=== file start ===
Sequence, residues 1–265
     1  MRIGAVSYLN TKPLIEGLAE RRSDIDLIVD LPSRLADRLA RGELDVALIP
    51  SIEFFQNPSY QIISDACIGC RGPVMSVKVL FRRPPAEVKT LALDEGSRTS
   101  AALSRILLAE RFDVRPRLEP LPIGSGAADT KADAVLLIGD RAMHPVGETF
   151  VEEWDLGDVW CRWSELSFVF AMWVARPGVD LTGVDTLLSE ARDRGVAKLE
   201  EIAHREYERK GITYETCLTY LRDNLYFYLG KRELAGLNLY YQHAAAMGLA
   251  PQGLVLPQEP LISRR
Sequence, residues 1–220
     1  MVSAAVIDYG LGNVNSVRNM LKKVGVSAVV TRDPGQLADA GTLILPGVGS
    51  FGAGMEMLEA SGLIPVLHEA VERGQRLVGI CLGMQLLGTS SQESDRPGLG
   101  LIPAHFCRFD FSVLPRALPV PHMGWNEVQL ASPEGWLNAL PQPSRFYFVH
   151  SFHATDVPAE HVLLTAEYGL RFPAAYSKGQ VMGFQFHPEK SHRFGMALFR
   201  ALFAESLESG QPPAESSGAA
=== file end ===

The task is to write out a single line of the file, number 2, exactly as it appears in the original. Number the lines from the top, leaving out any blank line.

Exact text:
     1  MRIGAVSYLN TKPLIEGLAE RRSDIDLIVD LPSRLADRLA RGELDVALIP